RSA
brian moore
bem at cmc.net
Sat Feb 12 14:18:16 CET 2000
On Sat, Feb 12, 2000 at 02:04:23PM +0000, Simpson, Sam wrote:
> Hi Brian,
Hello.
> > Well, you can't really generate a random prime. In order to do that,
> > you'd have to be factoring really large numbers, which is generally
> > impracticle (the whole point of RSA is based on the hardness of
> > factoring).
>
> Not true...It is possible to deterministically check to see if a number is
> prime and the workload is FAR less than testing a primes up to the square
> root.
Got an algorithm?
> > You'll have to do it the way everyone else does: generate a really big
> > number, check it against a few low primes (ie, 2,3,5, etc, maybe up to
> > 1000 or so) and then use probability to determine whether
> > it's -likely- > to be a prime or not.
>
> Erm, not true. It is quicker to use probalistic methods, but if 100%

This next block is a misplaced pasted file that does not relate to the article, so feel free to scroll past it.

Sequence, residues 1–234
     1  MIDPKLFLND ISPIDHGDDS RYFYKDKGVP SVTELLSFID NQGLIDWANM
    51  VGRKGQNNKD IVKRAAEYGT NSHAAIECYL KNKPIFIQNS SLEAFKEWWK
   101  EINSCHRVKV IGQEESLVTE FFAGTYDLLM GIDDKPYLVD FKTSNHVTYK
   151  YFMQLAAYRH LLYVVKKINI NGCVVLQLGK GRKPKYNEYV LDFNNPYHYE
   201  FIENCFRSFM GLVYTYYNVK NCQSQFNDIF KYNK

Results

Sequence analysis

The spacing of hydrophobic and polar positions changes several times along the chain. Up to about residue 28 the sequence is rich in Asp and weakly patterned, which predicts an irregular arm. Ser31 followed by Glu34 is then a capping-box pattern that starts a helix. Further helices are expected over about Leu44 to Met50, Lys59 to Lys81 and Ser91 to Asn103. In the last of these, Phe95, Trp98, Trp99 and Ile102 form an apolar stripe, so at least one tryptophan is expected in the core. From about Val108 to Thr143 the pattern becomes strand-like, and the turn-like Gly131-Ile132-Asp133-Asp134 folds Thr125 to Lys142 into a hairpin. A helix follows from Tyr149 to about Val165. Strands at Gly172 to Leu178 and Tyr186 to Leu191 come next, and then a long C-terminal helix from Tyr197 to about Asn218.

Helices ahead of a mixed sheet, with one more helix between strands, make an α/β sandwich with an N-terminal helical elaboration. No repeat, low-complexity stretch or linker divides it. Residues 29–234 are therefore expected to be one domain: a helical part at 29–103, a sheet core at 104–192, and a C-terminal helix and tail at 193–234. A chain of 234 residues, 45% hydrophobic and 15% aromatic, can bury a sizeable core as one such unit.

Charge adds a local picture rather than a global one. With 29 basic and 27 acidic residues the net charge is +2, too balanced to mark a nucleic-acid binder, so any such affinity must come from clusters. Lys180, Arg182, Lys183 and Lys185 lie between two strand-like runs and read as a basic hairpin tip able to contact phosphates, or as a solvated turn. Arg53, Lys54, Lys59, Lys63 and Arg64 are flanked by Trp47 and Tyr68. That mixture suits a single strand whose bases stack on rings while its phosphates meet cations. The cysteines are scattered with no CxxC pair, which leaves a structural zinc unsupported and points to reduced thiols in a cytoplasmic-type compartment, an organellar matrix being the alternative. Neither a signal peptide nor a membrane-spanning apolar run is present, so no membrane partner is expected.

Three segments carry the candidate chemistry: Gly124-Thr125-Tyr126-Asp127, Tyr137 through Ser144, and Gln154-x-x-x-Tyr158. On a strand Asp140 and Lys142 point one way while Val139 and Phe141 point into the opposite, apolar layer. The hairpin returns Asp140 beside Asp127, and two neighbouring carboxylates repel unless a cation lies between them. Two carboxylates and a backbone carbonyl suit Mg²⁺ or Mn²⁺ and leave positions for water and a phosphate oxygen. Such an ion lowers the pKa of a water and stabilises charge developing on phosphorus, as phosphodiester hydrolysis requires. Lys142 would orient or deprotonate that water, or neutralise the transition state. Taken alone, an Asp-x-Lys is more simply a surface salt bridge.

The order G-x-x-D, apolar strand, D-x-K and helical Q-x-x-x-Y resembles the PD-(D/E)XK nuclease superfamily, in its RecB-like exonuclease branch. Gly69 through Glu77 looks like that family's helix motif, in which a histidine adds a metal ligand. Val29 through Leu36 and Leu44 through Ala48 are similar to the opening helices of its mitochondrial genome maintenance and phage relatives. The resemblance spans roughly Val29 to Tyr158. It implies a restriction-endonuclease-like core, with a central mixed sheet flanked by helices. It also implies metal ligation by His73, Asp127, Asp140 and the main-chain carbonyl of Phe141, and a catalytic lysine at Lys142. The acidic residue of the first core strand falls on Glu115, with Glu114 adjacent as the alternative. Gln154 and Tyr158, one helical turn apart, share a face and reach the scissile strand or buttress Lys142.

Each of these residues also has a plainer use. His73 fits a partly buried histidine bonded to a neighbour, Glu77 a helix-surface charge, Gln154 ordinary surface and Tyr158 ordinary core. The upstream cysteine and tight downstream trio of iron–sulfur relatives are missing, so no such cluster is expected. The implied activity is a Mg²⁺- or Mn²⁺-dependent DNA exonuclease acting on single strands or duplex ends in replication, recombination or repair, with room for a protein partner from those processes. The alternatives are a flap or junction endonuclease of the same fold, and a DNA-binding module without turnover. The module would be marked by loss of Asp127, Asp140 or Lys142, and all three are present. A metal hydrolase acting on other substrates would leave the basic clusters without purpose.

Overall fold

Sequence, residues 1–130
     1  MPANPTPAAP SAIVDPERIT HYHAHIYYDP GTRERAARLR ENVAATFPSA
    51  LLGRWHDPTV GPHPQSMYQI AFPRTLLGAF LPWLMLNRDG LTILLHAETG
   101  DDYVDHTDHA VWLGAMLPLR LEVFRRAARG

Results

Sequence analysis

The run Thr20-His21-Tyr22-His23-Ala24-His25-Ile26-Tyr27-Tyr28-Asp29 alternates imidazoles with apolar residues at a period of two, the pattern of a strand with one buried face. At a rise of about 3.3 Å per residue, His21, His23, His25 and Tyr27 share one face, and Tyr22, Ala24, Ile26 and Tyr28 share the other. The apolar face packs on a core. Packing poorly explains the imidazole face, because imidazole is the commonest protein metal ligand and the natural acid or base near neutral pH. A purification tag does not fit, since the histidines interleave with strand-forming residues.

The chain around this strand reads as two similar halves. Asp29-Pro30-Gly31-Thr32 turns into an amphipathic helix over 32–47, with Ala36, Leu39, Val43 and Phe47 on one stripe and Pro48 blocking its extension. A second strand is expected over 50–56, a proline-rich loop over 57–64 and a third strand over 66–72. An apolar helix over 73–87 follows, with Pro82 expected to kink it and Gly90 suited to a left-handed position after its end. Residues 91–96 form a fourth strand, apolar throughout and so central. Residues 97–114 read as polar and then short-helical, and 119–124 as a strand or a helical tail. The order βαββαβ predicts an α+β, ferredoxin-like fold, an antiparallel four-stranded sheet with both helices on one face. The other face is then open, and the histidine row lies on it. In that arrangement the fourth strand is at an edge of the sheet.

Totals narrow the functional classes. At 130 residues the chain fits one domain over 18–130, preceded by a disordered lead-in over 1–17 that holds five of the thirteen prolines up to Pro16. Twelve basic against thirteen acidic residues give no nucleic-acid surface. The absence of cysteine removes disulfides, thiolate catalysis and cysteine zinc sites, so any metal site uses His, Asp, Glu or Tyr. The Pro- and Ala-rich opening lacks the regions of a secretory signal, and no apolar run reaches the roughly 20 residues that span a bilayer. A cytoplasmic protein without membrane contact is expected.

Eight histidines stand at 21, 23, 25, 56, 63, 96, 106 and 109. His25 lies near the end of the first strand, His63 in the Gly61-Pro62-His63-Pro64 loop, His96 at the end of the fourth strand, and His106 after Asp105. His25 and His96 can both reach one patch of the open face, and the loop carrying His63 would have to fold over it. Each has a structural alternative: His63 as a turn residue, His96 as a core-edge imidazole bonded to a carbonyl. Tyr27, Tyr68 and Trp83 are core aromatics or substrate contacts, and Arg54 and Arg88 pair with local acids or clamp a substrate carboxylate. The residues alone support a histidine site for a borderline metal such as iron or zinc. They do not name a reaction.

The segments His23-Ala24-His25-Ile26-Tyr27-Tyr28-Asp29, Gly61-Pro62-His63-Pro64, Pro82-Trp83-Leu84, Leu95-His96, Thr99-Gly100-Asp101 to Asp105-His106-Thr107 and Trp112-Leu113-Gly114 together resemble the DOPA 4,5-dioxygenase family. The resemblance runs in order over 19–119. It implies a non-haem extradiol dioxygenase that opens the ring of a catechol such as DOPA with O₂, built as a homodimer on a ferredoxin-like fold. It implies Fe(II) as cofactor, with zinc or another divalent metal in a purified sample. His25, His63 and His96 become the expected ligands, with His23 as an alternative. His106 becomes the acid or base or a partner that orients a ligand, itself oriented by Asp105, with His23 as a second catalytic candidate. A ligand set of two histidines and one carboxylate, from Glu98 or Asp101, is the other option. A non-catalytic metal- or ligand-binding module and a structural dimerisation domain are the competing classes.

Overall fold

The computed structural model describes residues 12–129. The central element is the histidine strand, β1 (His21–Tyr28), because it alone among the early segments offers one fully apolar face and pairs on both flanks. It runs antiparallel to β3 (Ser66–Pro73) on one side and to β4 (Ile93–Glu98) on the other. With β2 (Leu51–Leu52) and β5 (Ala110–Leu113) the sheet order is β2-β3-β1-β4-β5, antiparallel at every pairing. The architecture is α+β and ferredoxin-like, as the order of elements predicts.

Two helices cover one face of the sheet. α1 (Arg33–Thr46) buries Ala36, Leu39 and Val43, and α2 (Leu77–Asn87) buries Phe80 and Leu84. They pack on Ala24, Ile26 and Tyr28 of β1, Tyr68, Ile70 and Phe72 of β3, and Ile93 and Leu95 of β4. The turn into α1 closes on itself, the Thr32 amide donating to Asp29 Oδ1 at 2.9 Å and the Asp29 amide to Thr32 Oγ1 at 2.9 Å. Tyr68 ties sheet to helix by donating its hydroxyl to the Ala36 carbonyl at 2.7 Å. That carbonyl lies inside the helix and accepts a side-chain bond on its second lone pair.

> assurance is required then it is still feasible (on a PC - maybe not in
> constrained environments) to produce a number that is *certainly* a prime
> with a "deterministic method". See for example Silvermans posts to
> sci.crypt
> (http://x28.deja.com/[ST_rn=ps]/getdoc.xp?AN=564819271&CONTEXT=950363781.265
> 224197&hitnum=2)
I don't see an algorithm cited there, just "algorithms exist".
(The algorithm at the end of the cited post is not proven -- it's still
a matter of statistics. There's a huge difference between "well, we
haven't seen a non-prime pass this gauntlet" and "a non-prime cannot
pass this".)
--
Brian Moore | Of course vi is God's editor.
Sysadmin, C/Perl Hacker | If He used Emacs, He'd still be waiting
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